Bitcoin: This is why I believe in crypto despite the fall

Our columnist Margarethe Honisch.
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Bitcoin crosses the 20,000 mark, and calls are being made as to whether these and other cryptocurrencies even have a right to exist.

Our columnist Margarethe Honisch takes a look back at the rise of Bitcoin. She thinks: Basically, cryptocurrencies will solve a real problem.

However, not all coins are really useful.

If you take a look at the current Bitcoin price, you can hear the reminders from afar. The hyped coin is currently scratching the psychologically important 20,000 mark and at times even falling below it. With the downward trend of cryptocurrency, the doom of the whole scene is once again predicted.

Bitcoin has already experienced much larger fluctuations. Anyone who only follows the price chart may be getting cold feet at the moment. It is all the more important to ask yourself: Are all coins just shitcoins?

To answer this question, it is worth looking backwards.

Banking crisis, Bitcoin and Blockchain

Cryptocurrencies emerged in the wake of the financial crisis of 2008. Most of us will probably still remember hearing words like triple-A rating, short selling and mortgage bonds even at the hairdresser’s. The fall of the American bank Lehman Brothers not only caused a global financial crisis, but destroyed confidence in the entire banking sector and our financial system.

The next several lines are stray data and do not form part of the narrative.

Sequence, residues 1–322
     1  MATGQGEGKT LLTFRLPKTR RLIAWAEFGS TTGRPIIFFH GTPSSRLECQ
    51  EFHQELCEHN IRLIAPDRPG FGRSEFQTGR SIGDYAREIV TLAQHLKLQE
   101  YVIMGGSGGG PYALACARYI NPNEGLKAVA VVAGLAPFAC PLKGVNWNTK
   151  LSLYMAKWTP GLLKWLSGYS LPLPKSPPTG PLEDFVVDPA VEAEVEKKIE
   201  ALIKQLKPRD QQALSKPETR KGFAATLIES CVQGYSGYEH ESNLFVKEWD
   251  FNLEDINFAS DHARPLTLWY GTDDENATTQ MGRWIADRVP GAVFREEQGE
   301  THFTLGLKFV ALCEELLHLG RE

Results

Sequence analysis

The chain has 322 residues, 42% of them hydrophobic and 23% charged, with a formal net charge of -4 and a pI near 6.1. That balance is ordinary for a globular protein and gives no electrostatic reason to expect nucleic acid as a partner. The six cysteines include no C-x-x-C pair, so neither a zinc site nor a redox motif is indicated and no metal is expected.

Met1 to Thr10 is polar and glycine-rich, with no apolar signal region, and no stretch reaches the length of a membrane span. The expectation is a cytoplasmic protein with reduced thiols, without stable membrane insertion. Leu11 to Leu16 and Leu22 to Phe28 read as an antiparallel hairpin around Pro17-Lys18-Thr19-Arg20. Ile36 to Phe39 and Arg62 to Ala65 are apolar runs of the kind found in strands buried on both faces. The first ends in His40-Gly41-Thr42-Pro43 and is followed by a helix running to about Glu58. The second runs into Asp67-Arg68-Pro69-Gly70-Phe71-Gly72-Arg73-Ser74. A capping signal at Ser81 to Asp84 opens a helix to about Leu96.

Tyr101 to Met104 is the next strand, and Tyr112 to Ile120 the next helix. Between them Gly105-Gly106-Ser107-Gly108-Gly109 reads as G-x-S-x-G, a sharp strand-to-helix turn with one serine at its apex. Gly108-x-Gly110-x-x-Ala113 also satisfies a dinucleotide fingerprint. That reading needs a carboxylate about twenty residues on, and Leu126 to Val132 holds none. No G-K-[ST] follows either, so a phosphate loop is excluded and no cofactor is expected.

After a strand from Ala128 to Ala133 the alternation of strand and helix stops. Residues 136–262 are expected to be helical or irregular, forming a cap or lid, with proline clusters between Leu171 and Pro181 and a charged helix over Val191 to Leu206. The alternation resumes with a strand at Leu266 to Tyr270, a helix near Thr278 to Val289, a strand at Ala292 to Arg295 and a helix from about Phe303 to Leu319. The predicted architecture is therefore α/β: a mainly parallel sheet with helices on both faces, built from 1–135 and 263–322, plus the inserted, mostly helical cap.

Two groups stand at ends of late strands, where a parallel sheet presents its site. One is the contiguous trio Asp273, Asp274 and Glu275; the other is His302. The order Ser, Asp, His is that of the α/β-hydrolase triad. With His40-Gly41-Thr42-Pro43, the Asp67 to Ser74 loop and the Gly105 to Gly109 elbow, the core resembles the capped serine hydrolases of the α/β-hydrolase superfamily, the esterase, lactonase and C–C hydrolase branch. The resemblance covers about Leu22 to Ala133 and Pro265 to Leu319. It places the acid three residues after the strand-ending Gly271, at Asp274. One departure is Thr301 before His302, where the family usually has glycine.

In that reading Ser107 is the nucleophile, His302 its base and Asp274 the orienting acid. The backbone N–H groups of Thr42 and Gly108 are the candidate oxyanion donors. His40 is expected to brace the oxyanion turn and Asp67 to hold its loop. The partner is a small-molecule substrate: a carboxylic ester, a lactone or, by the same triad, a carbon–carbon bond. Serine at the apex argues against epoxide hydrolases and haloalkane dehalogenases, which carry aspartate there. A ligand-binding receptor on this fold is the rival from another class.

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During this time, people reacted differently. Some took to the streets of the financial metropolises for the Occupy Wall Street demos, while others were already working on a new solution that could replace banks forever. And so the Bitcoin white paper was published in 2009 under the alias “Satoshi Nakamoto”. It is a payment system based on blockchain – a decentralized, chronologically updated database.

What did that mean in practice? An example. If we want to pay with an EC card at the checkout, the money never goes directly from us to the supermarket. We always send it through our bank, which sends our transaction to the supermarket’s account. And only if all these parties are sure that I am authorized to complete this transaction, will it be completed. Blockchain exposes all these handles and allows me to transfer my money directly to the supermarket without any other parties involved. So I no longer need a bank, but have full power over my money.

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But cryptocurrencies aren’t money – or are they?

The biggest criticism leveled at cryptocurrencies at the moment is that there is no real value behind them and therefore cryptocurrencies have no intrinsic value. The thing is, neither does the money in your wallet. It is a piece of printed paper that we all believe. And since this piece of paper is no longer tied to gold in the US, it can happily be printed.